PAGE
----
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Regenerative Medicine

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Regenerative medicine helps those suffering from injuries who may not respond well to rest, physical therapy, or other non-surgical treatments. It is a leading treatment method for treating sports-related injuries, and comes in many shapes and sizes. This article covers the fundamentals of regenerative medicine, the various treatments, and the answers to the most common questions from patients.

What is Regenerative Medicine?

Regenerative medicine is a broad category which spans across several treatments. These treatments include stem cell therapy, PRP (platelet-rich plasma), Prolotherapy, and cartilage regeneration.

Regenerative medicine is defined by the National Institutes of Health (NIH) as the “process of creating living functional tissues that repair or replace tissue or organ function lost to age, disease, damage, or congenital defects”. The goal is to restore damaged tissue that won’t heal on its own.

There are three categories of Regenerative Medicine:

  • Cellular therapy
  • Tissue engineering
  • Treatments encouraging natural healing (such as Prolotherapy)

Cellular Therapy

These therapies expedite healing by injecting live cells into the bloodstream. PRP and stem cell therapies are two examples of cellular therapy. These therapies can help treat tendinopathy (disease of a tendon) and other sports-related injuries.

Tissue Engineering

This type of therapy replaces and repairs damaged tissues with natural or manmade tissue. It is also possible to use a combination of both. This engineering of tissue often helps treat cartilage injuries.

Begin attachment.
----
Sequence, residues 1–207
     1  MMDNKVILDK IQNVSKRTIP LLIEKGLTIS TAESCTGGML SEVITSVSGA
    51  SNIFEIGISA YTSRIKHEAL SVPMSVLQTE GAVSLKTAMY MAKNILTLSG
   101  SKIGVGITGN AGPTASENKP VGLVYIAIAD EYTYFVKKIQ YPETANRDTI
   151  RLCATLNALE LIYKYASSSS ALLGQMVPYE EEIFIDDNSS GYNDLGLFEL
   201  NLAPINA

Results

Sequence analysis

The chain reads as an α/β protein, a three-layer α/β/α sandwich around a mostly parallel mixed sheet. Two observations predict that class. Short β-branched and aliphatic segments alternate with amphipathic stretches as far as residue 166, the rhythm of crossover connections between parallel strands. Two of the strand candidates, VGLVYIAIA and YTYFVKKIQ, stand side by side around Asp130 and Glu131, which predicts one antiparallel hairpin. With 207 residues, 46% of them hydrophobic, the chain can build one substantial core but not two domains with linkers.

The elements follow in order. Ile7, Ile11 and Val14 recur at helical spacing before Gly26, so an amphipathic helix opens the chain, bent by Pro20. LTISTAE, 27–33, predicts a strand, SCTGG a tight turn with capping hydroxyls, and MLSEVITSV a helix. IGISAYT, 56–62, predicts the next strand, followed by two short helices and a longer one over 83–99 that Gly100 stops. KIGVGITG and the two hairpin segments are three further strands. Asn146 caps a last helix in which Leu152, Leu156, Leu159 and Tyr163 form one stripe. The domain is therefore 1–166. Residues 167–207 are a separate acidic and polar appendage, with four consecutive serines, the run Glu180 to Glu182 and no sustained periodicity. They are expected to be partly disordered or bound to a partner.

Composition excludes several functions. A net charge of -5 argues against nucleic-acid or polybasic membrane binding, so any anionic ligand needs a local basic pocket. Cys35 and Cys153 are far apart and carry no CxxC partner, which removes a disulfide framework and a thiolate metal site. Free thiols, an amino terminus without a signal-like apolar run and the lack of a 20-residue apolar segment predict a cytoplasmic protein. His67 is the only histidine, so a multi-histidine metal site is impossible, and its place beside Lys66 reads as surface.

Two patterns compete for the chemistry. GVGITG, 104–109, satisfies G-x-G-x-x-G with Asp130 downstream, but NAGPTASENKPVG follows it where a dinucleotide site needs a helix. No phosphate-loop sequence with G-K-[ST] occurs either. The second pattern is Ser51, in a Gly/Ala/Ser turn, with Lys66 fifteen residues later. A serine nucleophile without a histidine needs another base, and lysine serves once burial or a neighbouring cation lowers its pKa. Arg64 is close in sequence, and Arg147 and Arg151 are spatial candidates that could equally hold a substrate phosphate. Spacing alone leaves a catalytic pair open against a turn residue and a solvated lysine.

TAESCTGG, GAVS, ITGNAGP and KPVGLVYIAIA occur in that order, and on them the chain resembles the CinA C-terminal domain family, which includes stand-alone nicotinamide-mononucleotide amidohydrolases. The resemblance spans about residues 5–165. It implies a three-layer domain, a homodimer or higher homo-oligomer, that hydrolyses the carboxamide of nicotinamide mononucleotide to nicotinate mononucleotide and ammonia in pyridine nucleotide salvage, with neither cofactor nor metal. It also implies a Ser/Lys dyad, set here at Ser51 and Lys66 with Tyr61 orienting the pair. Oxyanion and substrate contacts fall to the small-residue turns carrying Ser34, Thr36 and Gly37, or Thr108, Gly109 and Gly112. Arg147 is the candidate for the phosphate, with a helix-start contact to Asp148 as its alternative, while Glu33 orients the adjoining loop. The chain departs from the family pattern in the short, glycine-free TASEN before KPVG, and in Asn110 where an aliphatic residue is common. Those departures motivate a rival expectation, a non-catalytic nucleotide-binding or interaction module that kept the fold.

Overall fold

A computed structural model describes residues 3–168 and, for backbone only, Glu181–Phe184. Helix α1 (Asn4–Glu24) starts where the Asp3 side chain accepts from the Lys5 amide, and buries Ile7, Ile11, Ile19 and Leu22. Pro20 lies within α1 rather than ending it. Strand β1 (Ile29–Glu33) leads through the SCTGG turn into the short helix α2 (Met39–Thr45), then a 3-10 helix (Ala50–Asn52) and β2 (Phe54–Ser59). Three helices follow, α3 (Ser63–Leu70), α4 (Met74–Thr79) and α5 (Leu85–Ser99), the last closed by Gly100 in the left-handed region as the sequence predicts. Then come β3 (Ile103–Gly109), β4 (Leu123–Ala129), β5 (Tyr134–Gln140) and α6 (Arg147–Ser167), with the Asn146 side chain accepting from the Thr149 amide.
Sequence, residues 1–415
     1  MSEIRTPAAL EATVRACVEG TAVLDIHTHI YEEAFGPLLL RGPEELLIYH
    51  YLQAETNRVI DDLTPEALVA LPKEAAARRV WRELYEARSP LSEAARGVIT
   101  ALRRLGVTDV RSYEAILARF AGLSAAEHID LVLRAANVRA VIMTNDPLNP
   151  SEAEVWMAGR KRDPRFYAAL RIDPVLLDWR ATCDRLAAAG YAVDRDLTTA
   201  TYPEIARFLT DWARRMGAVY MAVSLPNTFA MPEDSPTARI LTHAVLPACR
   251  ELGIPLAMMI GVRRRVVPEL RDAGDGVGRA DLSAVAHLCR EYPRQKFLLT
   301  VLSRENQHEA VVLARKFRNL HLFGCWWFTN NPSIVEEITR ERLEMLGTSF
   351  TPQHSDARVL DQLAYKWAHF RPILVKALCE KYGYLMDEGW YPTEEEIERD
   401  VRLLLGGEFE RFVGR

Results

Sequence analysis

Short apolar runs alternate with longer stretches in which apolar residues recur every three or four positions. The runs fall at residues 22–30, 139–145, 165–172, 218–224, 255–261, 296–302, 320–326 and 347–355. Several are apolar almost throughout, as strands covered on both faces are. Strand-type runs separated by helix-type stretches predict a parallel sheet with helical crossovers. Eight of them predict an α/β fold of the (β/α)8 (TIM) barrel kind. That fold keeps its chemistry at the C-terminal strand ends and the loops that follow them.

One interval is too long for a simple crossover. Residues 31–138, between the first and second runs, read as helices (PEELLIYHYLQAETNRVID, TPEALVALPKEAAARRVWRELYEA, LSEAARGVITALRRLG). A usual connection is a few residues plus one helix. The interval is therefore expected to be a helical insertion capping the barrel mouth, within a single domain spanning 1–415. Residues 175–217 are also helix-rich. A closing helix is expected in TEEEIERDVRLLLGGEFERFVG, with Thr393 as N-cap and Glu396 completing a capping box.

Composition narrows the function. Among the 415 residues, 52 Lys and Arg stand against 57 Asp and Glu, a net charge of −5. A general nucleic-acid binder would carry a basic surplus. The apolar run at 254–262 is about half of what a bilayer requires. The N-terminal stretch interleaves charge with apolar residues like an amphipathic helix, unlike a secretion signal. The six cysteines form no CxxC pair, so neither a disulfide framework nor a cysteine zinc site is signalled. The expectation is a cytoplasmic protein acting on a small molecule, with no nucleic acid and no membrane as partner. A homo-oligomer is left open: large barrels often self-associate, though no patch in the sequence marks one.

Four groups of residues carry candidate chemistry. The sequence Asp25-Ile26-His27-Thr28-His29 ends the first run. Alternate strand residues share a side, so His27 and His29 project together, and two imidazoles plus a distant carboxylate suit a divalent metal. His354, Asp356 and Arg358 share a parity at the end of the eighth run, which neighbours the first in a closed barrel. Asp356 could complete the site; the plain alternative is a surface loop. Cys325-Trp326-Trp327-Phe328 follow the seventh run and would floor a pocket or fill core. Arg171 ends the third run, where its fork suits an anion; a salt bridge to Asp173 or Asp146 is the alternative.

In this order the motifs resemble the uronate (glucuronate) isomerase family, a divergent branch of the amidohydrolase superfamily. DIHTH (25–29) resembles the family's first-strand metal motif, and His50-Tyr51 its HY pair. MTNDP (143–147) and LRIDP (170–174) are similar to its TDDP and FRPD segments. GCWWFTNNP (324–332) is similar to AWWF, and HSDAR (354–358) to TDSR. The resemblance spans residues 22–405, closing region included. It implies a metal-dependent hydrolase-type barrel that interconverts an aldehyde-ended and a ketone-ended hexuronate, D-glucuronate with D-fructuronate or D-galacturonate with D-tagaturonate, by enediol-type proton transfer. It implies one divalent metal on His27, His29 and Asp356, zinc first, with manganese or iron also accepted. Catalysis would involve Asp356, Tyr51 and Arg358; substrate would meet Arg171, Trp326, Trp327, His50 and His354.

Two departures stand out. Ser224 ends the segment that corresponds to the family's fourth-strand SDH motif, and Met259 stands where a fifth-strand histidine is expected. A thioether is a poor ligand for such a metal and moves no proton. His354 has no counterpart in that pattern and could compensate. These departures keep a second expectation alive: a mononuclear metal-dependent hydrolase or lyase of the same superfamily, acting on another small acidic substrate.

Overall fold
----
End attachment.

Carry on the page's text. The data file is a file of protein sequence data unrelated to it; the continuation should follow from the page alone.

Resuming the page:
Treatments Encouraging Natural Healing

Treatments such as these therapies that promote the body’s natural ability to heal tissues without new cells or tissue regeneration.

4 Regenerative Medicine Treatments

Most regenerative medicine treatments are outpatient. However, more than one session may need to occur before any results can be felt or seen.

Stem Cell Treatment

A stem cell has the potential to develop into a cell that serves a specific function, such as cartilage or tendon cells. Some doctors believe that stem cells have the ability to meet a certain need. In the case of injury, this need would be healing the injury in question.

Stem cells retracted from amniotic fluid or placenta are usually not strong enough for transport and die. This fragility makes these types of stem cells largely unviable for regenerative medicine. For this reason, stem cells are usually taken from a patient’s fat, blood, or bone marrow.

Platelet Rich Plasma (PRP)

The PRP substance is injected directly into the injured area, making it an attractive alternative to surgery or other invasive treatments.

PRP gained popularity in sports medicine in the early 2000s. Hines Ward, a wide receiver for the Pittsburgh Steelers, received PRP treatment for a sprained ligament in his right knee. It is widely thought that Ward undergoing PRP treatment was largely the reason that he was able to help the Steelers win the Super Bowl that year.

Since then, many famous athletes have followed Ward’s example.


Prolotherapy treatment seems rather counter-intuitive. During the treatment, the doctor will inject an irritant- dextrose being the most common irritant used- which produces further inflammation in the injured area. Inflammation promotes quicker blood flow and attracts cells which repair injured tissues. The idea is that by injecting an irritant that exacerbates inflammation, it will expedite healing.